by Barrett Seaman –
Maria and Sophia need help. They are due at a lecture on personal safety, but they don’t know how to get to the lecture hall in one of the many buildings that make up the sprawling EF campus perched on the hilltop overlooking Tarrytown and the Hudson. Their English is not perfect, but they manage to get across what it is they’re after—and that’s all part of the process. While they’re here, it’s English Only all the time.
The two young women are from Mexico and here for only five days as students at Cultural Care Au Pair Training School. At the weekend, they will head out to meet with the families that will be their hosts for the next year and possibly more. Maria is on her way to San Francisco; Sophia is going to Boston. They have already communicated, including via Skype, with their respective families and the young children they will soon be caring for. They are excited about the opportunity.
Eventually they find the lecture hall, where they join dozens of other young women between the ages of 18 and 26 (there are a few men in the program as well) listening to a retired New York City Police Detective work through a PowerPoint checklist of things to do and not do to keep themselves and the children in their charge out of harm’s way in America. The detective’s presentation is rapid-fire, covering topics ranging from how and when to use 911 and how not to leave young children unattended in a car to what the consequences will be if they are caught using drugs or stopped on a DUI.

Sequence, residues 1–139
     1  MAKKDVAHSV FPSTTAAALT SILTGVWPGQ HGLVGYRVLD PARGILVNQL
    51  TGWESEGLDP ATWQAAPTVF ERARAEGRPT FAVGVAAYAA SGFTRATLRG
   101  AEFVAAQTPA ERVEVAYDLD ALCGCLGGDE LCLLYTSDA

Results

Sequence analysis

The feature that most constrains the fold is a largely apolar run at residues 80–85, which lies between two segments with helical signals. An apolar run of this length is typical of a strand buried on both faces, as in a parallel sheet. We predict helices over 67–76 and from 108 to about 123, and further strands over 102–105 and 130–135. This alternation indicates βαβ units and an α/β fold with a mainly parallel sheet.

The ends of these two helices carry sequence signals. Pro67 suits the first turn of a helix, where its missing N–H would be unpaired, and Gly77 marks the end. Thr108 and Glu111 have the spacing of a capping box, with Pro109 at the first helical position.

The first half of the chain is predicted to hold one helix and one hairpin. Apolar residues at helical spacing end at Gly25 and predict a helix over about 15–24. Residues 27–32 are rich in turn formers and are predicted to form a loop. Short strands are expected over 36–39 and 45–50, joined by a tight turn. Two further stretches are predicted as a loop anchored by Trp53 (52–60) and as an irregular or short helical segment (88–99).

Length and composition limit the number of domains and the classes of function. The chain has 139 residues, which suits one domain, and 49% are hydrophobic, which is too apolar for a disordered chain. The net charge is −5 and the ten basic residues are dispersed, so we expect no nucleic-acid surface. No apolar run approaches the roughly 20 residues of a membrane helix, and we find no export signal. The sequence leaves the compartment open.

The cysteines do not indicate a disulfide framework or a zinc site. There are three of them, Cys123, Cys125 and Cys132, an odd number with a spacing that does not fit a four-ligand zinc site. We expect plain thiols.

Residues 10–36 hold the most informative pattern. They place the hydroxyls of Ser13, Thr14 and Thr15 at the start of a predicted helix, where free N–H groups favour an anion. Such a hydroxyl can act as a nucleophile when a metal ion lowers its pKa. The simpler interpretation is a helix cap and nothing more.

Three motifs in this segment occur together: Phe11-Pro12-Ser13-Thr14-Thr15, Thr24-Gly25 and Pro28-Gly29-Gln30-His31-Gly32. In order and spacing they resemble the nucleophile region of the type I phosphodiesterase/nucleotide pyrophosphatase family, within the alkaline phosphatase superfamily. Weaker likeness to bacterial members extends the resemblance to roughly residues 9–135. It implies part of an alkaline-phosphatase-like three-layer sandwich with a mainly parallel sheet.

During their hectic week in Tarrytown, they will have classes in CPR and first aid, child nutrition and child development, the American culture of child-rearing, household safety and stress management, among others. They’ll have one-day trip into New York City before they go, and they are free to head into Tarrytown in the late afternoons and evenings.
The term au pair, French for “on a par with” or “equal to,” is an old European concept of providing families with child care using (mostly) girls who come from families of similar social stature and are thus considered more part of the family than a hired nanny. Families typically host au pairs for up to one year, although they are able to extend for up to two years under the J-1 visa program.
Maria and Sophia are part of a particularly large class of au pairs: there are 380 of them during this week in early January. Last year, thousands of au pairs came through the program, which is housed at Tarrytown’s EF most of the year but also at Hofstra University on Long Island during the summer. They come from all over the world and go out to families all over the U.S.. Germany, Colombia and Brazil typically lead the list of feeder countries, but the au pairs come from dozens of countries where Cultural Care Au Pair, the agency that runs the program, has employees who screen applicants, with help from the U.S. State Department.
The connection to Cultural Care, one of dozens of similar placement agencies connecting au pairs with American families, doesn’t end when the au pairs move on to their respective families. Each one has access to a local or at least regional childcare consultant, or LCC, within 30 miles of their location—someone they can turn to for advice or help in case of a problem. Cultural Care has over 900 LCCs around the country.
Host families pay a program fee of $8,695 that covers the au pair’s time at the training school, as well as the initial recruitment and screening, round-trip airfare, travel insurance and the support provided by the LCCs in the field. The agency also requires host families to pay their au pairs a weekly stipend of $195.75.